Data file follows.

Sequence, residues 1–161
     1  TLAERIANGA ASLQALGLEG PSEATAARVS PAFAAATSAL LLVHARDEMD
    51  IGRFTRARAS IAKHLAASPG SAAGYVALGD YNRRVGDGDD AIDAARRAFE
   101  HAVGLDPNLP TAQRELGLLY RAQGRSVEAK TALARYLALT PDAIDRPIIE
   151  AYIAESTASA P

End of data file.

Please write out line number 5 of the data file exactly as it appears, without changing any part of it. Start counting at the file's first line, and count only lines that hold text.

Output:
   151  AYIAESTASA P